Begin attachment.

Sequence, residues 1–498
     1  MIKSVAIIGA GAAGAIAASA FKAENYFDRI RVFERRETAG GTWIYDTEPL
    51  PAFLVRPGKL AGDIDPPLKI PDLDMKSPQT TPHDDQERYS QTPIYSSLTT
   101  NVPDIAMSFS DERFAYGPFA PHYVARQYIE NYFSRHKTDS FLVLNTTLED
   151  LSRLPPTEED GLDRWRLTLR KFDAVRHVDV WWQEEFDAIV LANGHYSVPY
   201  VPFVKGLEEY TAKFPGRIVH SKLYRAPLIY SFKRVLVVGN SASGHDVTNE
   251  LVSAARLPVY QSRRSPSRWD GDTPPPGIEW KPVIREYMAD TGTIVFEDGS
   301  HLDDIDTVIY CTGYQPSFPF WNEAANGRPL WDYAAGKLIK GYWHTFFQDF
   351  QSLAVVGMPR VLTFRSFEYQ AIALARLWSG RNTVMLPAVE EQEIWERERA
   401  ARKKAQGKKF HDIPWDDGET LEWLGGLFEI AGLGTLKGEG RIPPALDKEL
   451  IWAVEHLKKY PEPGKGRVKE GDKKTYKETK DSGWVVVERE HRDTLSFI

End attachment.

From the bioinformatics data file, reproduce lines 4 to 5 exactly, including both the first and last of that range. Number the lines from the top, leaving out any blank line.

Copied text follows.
   101  NVPDIAMSFS DERFAYGPFA PHYVARQYIE NYFSRHKTDS FLVLNTTLED
   151  LSRLPPTEED GLDRWRLTLR KFDAVRHVDV WWQEEFDAIV LANGHYSVPY